Addiewell's housing in 1914

Photo:The Low Rows: Cross, Graham, Baker, Simpson & Campbell Streets.

The Low Rows: Cross, Graham, Baker, Simpson & Campbell Streets.

West Lothian Local History Library.

Photo:Graham Street, Addiewell  The pug engine ran very close to the houses, causing pollution and danger to children.

Graham Street, Addiewell The pug engine ran very close to the houses, causing pollution and danger to children.

John Kelly & Adam Prentice. All Rights Reserved. S1. 84.

Photo:Livingston Street, 1960s.

Livingston Street, 1960s.

BP. All Rights Reserved. S1. 92.

Photo:In the background, a typical miners' row in Addiewell.

In the background, a typical miners' row in Addiewell.

Benzie of Bathgate. All rights reserved. S1. 251

'a positive pestilence... bad in the extreme...'

By Sybil Cavanagh

In the village there are some 360 houses built of brick, in rows and tenements.  

There are some 70 single-apartment houses, and about 290 two-apartment houses.  No wash-houses are provided for any of the tenants, and 90 have no coal cellars.

The size of single-apartments is 14ft. 10in. x 12 ft., height 8 ft. 10in.  In two apartment houses the kitchen measures 13ft. x 11ft., and the room 9½ft. x 11ft.; height 8 ft. 7½in. in some houses; in others the height measures 9 ft. 3in.  A number of houses have gardens.

For about 300 houses there are only 12 privies of a most objectionable character.  Ashpits are provided, but they are built from about 15 to 20 yards from the houses, and, as can readily be imagined, they are a positive pestilence in the summer time, and at all times a danger to the health of the community.  Clothes poles are studded here and there in the back courts.  Water is procured from 17 stand-pipes, and the sewage flows down by open channels.  The sanitary conditions generally existing are bad in the extreme.  The rental is 2/4 per week for double and 1/6 per week for single-apartment house, inclusive of local and county rates.  The houses are occupied principally by the oilworkers.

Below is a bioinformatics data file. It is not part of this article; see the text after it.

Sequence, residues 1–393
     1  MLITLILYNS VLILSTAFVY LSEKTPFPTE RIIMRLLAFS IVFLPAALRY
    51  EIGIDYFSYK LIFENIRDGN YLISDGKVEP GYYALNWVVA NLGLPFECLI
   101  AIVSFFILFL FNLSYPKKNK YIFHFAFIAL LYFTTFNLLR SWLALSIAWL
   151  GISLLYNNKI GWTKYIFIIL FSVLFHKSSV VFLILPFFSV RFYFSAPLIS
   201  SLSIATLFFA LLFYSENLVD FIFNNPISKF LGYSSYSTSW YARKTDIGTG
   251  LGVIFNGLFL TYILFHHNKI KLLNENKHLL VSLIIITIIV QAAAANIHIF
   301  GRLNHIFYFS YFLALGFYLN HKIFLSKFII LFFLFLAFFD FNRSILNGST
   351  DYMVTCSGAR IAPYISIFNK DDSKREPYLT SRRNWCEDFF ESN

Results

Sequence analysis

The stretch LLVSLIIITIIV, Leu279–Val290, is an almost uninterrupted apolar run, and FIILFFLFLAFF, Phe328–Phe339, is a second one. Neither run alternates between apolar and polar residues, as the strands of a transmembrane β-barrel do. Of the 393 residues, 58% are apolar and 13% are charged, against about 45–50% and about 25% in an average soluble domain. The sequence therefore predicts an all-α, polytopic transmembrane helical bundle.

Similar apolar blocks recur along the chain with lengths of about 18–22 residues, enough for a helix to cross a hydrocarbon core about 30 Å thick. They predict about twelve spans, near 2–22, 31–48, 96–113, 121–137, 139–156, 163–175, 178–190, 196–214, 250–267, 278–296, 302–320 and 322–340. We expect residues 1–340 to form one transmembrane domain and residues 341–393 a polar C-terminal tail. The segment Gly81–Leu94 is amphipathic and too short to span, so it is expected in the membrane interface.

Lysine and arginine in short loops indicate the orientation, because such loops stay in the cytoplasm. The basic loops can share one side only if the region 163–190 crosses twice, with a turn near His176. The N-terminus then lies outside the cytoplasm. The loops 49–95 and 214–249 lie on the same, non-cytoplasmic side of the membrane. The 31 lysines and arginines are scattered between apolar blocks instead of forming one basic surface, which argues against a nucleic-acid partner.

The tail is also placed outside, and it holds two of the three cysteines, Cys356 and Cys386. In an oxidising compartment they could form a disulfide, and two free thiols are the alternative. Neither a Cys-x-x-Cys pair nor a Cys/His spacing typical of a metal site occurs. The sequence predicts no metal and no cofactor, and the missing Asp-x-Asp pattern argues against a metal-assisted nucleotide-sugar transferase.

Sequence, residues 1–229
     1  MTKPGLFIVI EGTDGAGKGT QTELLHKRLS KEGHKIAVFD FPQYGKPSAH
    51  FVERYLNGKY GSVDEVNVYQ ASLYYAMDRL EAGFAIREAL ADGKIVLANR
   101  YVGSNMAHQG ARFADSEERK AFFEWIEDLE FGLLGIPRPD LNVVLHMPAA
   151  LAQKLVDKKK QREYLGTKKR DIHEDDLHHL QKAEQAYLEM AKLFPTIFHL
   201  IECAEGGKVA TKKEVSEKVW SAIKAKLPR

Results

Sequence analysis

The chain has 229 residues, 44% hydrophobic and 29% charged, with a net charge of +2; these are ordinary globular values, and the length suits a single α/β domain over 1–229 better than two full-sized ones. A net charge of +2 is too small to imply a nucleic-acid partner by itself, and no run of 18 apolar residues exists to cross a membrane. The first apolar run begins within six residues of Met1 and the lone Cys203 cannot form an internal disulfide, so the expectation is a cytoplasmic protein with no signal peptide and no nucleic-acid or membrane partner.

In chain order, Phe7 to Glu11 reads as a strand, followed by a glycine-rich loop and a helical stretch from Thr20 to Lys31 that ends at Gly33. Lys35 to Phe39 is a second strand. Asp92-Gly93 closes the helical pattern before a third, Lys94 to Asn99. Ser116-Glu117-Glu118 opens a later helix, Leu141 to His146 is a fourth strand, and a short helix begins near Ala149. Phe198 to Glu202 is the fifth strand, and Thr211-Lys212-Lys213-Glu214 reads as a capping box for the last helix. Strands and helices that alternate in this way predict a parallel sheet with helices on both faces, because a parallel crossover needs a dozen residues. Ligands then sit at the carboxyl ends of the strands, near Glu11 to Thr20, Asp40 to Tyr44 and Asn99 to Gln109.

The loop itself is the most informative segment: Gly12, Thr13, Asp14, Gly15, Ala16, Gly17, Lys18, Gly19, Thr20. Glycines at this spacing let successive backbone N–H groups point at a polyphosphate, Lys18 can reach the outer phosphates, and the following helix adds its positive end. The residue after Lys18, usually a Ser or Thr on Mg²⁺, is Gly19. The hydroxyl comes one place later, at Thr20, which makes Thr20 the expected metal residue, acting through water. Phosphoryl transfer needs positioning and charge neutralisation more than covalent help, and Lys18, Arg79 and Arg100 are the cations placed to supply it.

An Institute with library and reading room is provided, also rooms for games, for which the workers are charged 1d. per week.

The houses are owned by Messrs Young’s Oil Coy.  In Addiewell district there are some 650 houses, with a population of 2,100 persons. 

 

Housing Conditions in the Scottish Shale Field:
Evidence and Suggestions to the Royal Commission on Housing (Scotland)
Submitted by the Scottish Shale Miners’ Association – March 1914

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This page was added by Sybil Cavanagh on 15/04/2012.